Accelerating Grassroots Sustainability in CT: Nonprofit is Powering Dynamic Local ChangeMar 31, 2023 10:00AM ● By Nicole Miale
In the not-so-distant past, the word sustainability conjured images associated with global climate change warning signs such as polar bears clinging to ice floes and heaps of garbage floating on far-away oceans. These global concerns remain front and center on the federal level and international stages, but here in Connecticut the focus is hyper-local when it comes to effecting real change.
Sustainable CT, an independent nonprofit organization based in Storrs, Connecticut, has spent the past five years providing guidance, resources and funding for sustainability projects of all types at the grassroots local level all over the state. “Municipal decisions have a huge impact on the health and well-being of our individual communities,” explains Executive Director Lynn Stoddard. “The certification program we offer focuses on municipal leaders and the decisions they’re making to make their towns more resilient, livable and attractive.”
The Sustainable CT model is to inspire and accelerate sustainability actions by providing local municipalities with a broad menu of coordinated and voluntary best practice sustainability actions. “We’re trying to support, accelerate and showcase sustainability action by towns and individuals,” Stoddard says. “We define ‘sustainability’ very broadly. Our certification program is at the heart of what we do. Participating towns are making a real difference in the quality of life for all their residents, and our certification roadmap helps guide them in creating thriving, resilient and sustainable communities.”
Stoddard cites real-life examples such as making school and town buildings more energy-efficient; designing more bike-friendly streets; creating community gardens on town property with produce donated to local food banks. “We take a bottom-up, grassroots approach to the very real problems many Connecticut towns are facing, based on the idea that people know what’s best for their own neighborhood and want to be involved in helping to change the situation,” Stoddard says. “The goal is to inspire municipalities to first do one thing to make a community more inclusive and connected. Then do one more. And so on.”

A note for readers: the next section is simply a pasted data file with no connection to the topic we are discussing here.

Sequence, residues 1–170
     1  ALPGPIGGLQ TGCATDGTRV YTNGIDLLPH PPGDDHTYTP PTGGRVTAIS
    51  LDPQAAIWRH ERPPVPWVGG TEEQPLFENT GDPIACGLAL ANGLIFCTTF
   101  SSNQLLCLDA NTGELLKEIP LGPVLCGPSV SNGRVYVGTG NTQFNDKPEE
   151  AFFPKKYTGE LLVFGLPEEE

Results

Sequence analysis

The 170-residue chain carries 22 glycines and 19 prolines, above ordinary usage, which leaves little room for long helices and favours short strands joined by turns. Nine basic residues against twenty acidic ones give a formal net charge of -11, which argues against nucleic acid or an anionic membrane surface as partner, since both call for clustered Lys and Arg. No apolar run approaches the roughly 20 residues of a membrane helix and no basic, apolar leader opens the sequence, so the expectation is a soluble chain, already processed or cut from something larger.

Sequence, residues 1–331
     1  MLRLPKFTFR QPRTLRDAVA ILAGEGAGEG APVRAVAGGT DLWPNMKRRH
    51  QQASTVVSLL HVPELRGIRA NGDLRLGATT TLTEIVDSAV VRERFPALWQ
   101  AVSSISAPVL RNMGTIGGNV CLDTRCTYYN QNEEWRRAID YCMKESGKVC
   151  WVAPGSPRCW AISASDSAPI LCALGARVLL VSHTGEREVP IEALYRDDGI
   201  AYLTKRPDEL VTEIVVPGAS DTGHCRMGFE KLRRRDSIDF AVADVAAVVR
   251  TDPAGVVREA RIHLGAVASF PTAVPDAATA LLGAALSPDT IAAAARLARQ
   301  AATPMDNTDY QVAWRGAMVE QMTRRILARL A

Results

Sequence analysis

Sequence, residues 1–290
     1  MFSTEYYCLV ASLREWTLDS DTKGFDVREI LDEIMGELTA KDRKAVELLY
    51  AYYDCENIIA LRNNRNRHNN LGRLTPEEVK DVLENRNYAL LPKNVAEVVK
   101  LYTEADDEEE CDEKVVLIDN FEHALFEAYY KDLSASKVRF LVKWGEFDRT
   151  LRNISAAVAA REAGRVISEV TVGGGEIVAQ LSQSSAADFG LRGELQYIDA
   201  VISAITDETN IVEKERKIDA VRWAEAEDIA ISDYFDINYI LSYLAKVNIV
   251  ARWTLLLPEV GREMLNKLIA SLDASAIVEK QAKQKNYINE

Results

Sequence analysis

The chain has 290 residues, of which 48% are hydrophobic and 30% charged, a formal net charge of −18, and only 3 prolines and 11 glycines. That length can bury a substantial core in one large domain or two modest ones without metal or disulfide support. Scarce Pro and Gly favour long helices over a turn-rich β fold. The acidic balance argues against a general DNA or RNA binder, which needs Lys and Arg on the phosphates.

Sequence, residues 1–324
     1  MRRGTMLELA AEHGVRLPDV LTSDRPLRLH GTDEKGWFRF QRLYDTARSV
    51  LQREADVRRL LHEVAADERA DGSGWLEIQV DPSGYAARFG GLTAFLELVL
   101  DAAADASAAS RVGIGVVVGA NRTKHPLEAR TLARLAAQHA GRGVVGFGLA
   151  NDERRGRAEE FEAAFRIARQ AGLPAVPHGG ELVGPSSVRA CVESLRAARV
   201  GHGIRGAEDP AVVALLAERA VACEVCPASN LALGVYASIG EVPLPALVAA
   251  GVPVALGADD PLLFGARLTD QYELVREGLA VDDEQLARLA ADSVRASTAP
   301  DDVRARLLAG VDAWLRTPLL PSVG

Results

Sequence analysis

The Municipal Certification Process
Once a town is registered with Sustainable CT, a team of municipal leaders and passionate local volunteers is formed. This local team then coordinates with Sustainable CT staff, resources and tools to identify and fund the specific sustainability actions which will count toward the town’s certification. Sustainable CT certification includes three levels: gold (new in 2023), silver and bronze; each of these requires a specific number of best practice actions be selected and implemented from hundreds of options in 12 different categories.
Categories include: clean and diverse transportation systems and choices; efficient physical infrastructure and operations; strategic and inclusive public services; dynamic and resilient planning; well-stewarded land and natural resources; thriving local business economies; efficient, diverse and affordable housing; vibrant and creative cultural ecosystems; and inclusive and equitable community impacts. Inclusivity and equity goals are a priority for many towns and Sustainable CT has added depth to their staff with a panel of equity coaches prepared to aid municipalities that want to improve in this area.
With more than 248 distinct local projects funded across the state to date, and approximately $3 million invested in the past three years alone, Sustainable CT’s efforts are having an impact across the state. In total, 131 municipalities are currently participating in the free voluntary programs offered by Sustainable CT and 59 towns are currently certified (each certification lasts three years). Twenty-four municipalities earned new Sustainable CT certification in 2022. As of now, 10 Fairfield County towns and six Litchfield County towns are certified. A few, like Stamford, were previously certified but are currently working on a new one. Both large and small, these municipalities are way-showers placing sustainability at the forefront of their future planning.